Kinbasket by Circumstance 2010

July 31 to August 8

The trip started with a plan to visit some folks up in Fort St. John, B.C. followed by dropping down to the West Kootenay area to visit some more people.  We know that the Fort St. John area is often very greasy and muddy, so for this trip we put the dirt wheels on the WR250Xs and loaded them in the Sprinter.

We expected to be doing significant quading.  We did some of that.  We also did some riding on the WRs.  The odd thing is that everywhere we went was dry!  It was amazing!  It certainly made for some good exploring weather.  There are many old roads and trails through the bush up this way.  It is not uncommon to come across abandoned equipment dating back 40+ years.

After a few days visit up North we loaded up the Sprinter and headed down South through Prince George.  The plan had been to head towards the Vernon area, possibly detouring along the Adams Lake road.  Things were pretty hazy looking by Prince George so we stopped at a visitor centre to find out that most of Highway 97 was on fire and all the towns along the way were either actively being evacuated, or under evacuation alert.  This is not the sort of thing you want to head into if you have a choice.  This also explained why we hadn't been able to get in touch with SheWolf.

So, with that knowledge, we altered our course and went West on Highway 16, turning South at Highway 5.  There are some long stretches without much there, so we pushed to make it to Valemount that night.  We've been through the area a few times, but never before stopped and spent time there.  Since our plans had changed we decided to stay a couple of days and explore a part of Kinbasket Lake we hadn't seen before. 

Kinbasket Lake is a large reservoir formed by the Mica Dam North of Revelstoke.  The Southern arm extends down towards Revelstoke, the Eastern arm extends towards Golden, and the Northern arm extends up towards Valemount.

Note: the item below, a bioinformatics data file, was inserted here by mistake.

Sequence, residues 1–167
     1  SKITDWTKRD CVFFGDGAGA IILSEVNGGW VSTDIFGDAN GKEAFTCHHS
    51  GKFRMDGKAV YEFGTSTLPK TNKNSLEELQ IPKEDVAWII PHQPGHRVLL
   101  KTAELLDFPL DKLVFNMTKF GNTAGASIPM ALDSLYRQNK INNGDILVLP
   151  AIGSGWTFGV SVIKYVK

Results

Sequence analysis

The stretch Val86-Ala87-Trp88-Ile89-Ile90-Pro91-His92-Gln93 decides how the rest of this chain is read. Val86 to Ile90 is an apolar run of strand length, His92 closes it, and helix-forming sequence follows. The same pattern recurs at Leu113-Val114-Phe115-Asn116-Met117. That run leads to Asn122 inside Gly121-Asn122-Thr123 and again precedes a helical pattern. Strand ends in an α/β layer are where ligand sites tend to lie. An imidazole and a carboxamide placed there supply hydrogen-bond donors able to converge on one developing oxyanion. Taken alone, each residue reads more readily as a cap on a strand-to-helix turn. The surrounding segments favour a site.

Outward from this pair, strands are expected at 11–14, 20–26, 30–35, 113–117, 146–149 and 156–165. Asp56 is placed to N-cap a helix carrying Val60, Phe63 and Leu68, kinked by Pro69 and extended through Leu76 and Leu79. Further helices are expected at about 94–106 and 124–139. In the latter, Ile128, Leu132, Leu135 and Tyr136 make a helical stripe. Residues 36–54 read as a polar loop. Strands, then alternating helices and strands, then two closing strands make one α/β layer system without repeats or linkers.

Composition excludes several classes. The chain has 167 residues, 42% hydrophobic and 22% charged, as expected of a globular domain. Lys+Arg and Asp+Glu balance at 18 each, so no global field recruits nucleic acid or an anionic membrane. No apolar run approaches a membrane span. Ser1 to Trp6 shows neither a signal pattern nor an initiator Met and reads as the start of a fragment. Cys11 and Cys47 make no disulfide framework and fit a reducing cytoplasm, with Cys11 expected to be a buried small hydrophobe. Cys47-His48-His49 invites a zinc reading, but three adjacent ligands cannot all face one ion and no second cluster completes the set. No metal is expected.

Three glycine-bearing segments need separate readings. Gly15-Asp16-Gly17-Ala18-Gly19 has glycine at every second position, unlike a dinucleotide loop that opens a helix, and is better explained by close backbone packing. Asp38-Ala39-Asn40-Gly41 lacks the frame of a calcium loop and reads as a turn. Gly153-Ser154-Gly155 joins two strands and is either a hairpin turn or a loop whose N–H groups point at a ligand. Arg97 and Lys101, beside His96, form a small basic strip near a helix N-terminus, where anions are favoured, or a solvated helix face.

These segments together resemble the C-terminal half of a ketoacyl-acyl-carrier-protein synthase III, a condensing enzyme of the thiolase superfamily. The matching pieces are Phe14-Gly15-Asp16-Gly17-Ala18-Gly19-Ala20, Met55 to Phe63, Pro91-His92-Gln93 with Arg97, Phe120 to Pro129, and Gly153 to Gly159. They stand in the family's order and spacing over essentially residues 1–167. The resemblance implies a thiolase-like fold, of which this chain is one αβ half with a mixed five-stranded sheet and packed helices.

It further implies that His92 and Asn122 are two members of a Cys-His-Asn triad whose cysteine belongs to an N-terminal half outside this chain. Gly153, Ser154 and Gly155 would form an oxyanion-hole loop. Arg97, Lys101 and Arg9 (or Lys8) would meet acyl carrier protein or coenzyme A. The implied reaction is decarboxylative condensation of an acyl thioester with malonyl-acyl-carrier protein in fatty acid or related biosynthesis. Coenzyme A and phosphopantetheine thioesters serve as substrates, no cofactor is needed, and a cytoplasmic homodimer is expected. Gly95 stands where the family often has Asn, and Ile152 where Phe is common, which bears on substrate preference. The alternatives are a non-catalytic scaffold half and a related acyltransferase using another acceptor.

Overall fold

We headed down the West side of the Northern arm exploring the deactivated logging roads on the WRs.

One of the things we came across was this tug boat.  It was on a rail car from British Columbia Railway.  It was likely used for working with log rafts in the lake long ago.  You could tell it hadn't been in the water for a while as the rails leading to the water were displaced and there were trees growing up in between.  The name RIVTOW50 was welded onto the hull. 

Not sure how it kept afloat with that much weight and that little displacement, but it was obvious how it kept upright.  Opening the still weather tight hatch revealed a Detroit Diesel engine in the bottom of it.  The thing was all engine. 

We were a mountain range over from where the fires were but there was still a smoky haze over the lake.

On one of the spurs we took, the road ended with a land slide.  This is still near enough to civilization that people obviously come here so a warning sign was put up.  There wasn't much trail past that.  It would have been quite technical with no room for error due to a drop-off beside it so we decided not to continue that way.  Maybe another time.

Another spur had a bridge out.  The trail kept on going and there were still a few logs and some 3/8 plywood on it, but we decided it was getting late enough in the day that we didn't feel like gingerly getting the bikes across to keep exploring.

Watch that last step.  It's a doozy!

On the other side of the bridge this old International Scout had been abandoned.